On Monday, July 10, 2023, I had a phenomenal opportunity to join a training session led by former Chinese national men’s singles player Lü Yi whose highest ranking was 48th in the world and occupied the 3rd spot on the first Chinese national team.
Although this is a player you likely never have heard of, Lü Yi was a top-caliber player who could contest against other famous players like Taufik Hidayat and Boonsak Ponsana. He shared a vast amount of badminton knowledge that helped me a ton, and I’m hoping sharing what he taught us will also help you.
Train Your Mobility
Though Lü Yi did not talk about mobility specifically, this stood out right at the start when we were following his warm-up routine. The first thing we started with was a straddle stretch, and it was mindblowing to see how flexible Lü Yi was even though he was 38 years old.
Lü Yi was almost doing the splits while I couldn’t even get to a 45-degree angle despite being nearly 20 years younger. In fact, he was much more flexible than the entire class, even though the average age was around 14 years old.
Seeing Lü Yi’s flexibility made me realize how under-the-radar training your mobility goes. We spend so much time developing strength via weight training and high-intensity bodyweight exercises and playing the sport, and not enough time improving our muscle flexibility.
And it shows. The number of injuries I see in young badminton players is too high for their age and how much they train. It’s a problem if you’re getting injured training only twice a week at 14 years old.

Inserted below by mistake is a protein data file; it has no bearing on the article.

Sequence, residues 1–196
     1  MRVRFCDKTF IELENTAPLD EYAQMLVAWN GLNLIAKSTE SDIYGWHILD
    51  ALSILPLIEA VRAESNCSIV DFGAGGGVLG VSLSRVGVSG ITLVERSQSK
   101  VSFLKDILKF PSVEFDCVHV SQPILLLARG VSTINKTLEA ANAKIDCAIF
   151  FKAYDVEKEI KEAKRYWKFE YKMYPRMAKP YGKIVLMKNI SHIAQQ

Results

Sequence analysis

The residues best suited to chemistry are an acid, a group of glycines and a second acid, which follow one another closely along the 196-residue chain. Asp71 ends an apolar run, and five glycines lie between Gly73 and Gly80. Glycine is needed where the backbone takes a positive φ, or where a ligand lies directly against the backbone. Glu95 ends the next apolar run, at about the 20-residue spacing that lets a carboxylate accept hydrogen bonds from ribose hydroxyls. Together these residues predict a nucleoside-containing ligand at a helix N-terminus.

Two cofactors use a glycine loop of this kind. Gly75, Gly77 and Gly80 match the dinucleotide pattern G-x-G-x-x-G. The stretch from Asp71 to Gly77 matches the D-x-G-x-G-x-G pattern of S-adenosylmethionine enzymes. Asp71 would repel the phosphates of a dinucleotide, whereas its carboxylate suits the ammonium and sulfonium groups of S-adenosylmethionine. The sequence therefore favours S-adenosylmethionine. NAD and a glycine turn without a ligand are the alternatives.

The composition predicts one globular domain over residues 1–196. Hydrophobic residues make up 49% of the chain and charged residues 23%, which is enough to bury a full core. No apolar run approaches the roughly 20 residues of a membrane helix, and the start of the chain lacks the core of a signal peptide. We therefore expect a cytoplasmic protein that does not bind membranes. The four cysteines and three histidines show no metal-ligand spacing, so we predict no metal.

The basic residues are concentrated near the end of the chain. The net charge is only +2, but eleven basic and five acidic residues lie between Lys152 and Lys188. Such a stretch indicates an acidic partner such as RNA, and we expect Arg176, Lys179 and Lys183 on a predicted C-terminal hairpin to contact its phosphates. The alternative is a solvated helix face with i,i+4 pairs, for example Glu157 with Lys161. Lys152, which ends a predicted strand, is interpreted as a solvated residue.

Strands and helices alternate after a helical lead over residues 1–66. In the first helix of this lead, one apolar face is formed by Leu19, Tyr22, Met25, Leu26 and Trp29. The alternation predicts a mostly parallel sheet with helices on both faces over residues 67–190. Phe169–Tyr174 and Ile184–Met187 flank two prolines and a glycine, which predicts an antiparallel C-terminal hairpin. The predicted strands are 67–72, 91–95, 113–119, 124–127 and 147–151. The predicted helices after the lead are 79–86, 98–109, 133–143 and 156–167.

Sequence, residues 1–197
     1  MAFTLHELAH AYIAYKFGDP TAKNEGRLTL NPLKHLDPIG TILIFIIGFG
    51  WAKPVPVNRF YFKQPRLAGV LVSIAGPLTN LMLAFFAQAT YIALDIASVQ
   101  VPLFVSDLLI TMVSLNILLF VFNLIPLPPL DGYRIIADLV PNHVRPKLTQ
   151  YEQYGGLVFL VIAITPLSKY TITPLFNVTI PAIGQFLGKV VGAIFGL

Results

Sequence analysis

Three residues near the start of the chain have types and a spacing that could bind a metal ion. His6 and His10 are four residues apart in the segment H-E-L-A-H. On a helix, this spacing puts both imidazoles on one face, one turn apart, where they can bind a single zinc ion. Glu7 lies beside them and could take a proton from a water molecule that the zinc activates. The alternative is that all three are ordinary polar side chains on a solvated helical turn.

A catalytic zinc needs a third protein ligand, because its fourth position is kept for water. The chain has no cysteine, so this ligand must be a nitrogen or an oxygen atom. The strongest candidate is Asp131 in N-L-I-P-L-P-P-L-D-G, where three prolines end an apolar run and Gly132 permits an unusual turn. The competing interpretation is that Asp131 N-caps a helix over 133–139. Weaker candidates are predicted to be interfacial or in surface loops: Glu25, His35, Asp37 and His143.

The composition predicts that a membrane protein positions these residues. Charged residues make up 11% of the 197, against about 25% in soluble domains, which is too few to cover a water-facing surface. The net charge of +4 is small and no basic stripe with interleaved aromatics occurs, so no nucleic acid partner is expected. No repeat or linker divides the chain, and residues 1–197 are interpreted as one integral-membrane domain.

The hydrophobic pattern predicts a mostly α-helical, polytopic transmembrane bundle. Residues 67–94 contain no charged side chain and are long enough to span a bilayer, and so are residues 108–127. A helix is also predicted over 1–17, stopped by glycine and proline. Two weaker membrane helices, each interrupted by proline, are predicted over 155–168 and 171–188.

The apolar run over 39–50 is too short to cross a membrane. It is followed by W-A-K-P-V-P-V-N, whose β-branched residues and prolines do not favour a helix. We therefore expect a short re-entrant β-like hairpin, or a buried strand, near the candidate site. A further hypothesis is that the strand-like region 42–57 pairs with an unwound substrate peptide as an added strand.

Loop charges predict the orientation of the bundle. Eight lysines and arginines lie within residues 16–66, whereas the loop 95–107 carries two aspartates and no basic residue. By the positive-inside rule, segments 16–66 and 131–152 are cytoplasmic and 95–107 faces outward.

I’ve been fortunate not to get injured, but that doesn’t mean I haven’t been affected. My lack of muscle flexibility shows in my gameplay. Whenever I need to stretch in uncomfortable positions or turn quickly, I often fail and lose the point.
My initial thought was to get stronger and faster so I don’t end up in uncomfortable positions, but now I realize that muscle and joint mobility play a crucial role in developing strength. Thus, I’ve added exercises to my warm-up and cooldown routines to help build mobility simultaneously and plan to add additional training sessions dedicated to building flexibility.
Badminton Mentality During Drills
What I loved about Lü Yi’s class was his pointers regarding mentality during training. I’m a huge believer that the key to improving starts with the way you think.
Lü Yi’s advice is to play like you’re in a game. He mentioned that when you’re in a game and make more than two mistakes in a row, it gets challenging to catch up. You don’t want to be in a situation where you’re trying to get three or more points in a row to catch up.
Thus, when you train, focus on making less than two mistakes consecutively and train your ability to reset mentally.
Another tip I got was during a 2-on-1 defense drill, where he told me to go for every shot and try to at least one-touch everything. That means running and diving for the shot regardless of how far away it is from you.